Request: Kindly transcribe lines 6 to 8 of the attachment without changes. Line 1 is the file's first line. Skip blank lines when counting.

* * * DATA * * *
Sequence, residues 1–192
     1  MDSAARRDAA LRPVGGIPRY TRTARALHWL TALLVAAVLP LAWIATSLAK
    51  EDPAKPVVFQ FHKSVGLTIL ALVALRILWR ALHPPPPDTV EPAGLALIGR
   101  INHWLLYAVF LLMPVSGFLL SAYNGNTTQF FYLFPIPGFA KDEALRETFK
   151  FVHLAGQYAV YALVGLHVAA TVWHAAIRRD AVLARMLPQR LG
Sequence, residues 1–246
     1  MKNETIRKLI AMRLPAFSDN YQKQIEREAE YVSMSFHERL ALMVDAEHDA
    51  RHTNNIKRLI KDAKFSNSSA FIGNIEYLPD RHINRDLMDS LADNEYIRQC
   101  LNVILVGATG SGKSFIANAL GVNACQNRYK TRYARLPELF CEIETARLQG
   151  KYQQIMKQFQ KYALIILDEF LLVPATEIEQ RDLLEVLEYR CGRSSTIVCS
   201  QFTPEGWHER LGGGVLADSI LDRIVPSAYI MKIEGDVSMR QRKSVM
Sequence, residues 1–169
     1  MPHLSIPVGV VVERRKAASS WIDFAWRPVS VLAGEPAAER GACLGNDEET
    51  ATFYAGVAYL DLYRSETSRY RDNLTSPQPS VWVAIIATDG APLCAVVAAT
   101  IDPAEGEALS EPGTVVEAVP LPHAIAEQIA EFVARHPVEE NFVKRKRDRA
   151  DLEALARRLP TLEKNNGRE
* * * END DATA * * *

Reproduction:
Sequence, residues 1–246
     1  MKNETIRKLI AMRLPAFSDN YQKQIEREAE YVSMSFHERL ALMVDAEHDA
    51  RHTNNIKRLI KDAKFSNSSA FIGNIEYLPD RHINRDLMDS LADNEYIRQC